NASHVILLE, Tenn. (AP) — Threatened by looming developers and a changing industry, some of Nashville’s Music Row recording studios are preparing to formally open their doors to tour groups for the first time.
Ten studios have formed a partnership to work with local tour companies and provide visitors a behind-the-scenes look at where Nashville’s music is made.
The tours will create a new revenue stream for commercial recording studios, which have been struggling in recent years as home-based recording has grown in terms of both quality and cost effectiveness.
Music Row has long been home to an eclectic mix of recording studios, record label buildings, publishing houses and music industry office space. But its location just southeast of downtown has also made it a prime target for development, with high-end condo developments springing up in the area in recent years.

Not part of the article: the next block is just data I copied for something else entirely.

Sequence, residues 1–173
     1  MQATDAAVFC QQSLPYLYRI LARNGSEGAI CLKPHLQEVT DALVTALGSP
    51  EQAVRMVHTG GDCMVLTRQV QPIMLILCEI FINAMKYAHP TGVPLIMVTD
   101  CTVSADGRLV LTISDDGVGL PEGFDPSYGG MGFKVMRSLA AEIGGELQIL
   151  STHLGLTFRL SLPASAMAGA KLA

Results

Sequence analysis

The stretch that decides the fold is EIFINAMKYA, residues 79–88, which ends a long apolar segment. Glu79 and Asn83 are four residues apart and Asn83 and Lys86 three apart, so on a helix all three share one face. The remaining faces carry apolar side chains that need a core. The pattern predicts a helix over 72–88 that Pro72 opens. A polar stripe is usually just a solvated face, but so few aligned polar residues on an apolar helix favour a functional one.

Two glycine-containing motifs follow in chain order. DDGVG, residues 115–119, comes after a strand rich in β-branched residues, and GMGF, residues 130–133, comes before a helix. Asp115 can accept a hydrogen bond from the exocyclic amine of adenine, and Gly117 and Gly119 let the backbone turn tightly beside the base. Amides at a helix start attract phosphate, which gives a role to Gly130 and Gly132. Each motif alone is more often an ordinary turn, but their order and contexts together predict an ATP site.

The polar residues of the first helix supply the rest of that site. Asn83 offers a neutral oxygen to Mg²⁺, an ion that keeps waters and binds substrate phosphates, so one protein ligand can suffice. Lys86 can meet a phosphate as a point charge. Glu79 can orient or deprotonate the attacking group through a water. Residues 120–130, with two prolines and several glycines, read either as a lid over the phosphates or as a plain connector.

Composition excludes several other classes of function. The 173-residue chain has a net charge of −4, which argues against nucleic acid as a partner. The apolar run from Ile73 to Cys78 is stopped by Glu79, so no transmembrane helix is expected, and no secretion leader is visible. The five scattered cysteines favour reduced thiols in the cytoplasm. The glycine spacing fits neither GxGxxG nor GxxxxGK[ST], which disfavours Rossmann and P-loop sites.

“One of our primary goals is the new source of revenue for the studios,” said Carolyn Brackett, senior field officer with the National Trust for Historic Preservation. “The other is to add an experience for visitors to Nashville that hasn’t been available before, which is to get inside and see how the music is made.”
Tour companies in the past used personal relationships to occasionally get access to recording studios, but there’s never been a formal offering, said Dave Kinney, president of All in One Destinations, one of the participating tour companies.
It is unclear when the tours will begin, but Kinney said the studios will be working closely with tour companies to schedule times when each studio will be available.
Studios involved with the partnership include Ocean Way Studios, The Tracking Room, and the Quonset Hut.
The Country Music Hall of Fame already offers tours of the historic RCA Studio B.